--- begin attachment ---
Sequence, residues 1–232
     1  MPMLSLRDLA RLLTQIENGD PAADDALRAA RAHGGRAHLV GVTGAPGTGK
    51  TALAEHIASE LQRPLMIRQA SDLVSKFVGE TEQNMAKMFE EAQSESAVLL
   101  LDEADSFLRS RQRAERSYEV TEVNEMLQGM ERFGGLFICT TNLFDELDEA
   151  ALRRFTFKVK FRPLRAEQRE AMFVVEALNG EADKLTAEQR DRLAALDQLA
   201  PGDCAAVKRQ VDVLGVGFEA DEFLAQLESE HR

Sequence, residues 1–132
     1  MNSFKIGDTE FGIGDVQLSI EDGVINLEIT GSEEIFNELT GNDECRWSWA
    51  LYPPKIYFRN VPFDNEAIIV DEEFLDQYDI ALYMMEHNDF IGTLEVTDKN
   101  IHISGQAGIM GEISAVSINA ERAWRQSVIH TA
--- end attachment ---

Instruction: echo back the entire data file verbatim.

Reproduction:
Sequence, residues 1–232
     1  MPMLSLRDLA RLLTQIENGD PAADDALRAA RAHGGRAHLV GVTGAPGTGK
    51  TALAEHIASE LQRPLMIRQA SDLVSKFVGE TEQNMAKMFE EAQSESAVLL
   101  LDEADSFLRS RQRAERSYEV TEVNEMLQGM ERFGGLFICT TNLFDELDEA
   151  ALRRFTFKVK FRPLRAEQRE AMFVVEALNG EADKLTAEQR DRLAALDQLA
   201  PGDCAAVKRQ VDVLGVGFEA DEFLAQLESE HR

Sequence, residues 1–132
     1  MNSFKIGDTE FGIGDVQLSI EDGVINLEIT GSEEIFNELT GNDECRWSWA
    51  LYPPKIYFRN VPFDNEAIIV DEEFLDQYDI ALYMMEHNDF IGTLEVTDKN
   101  IHISGQAGIM GEISAVSINA ERAWRQSVIH TA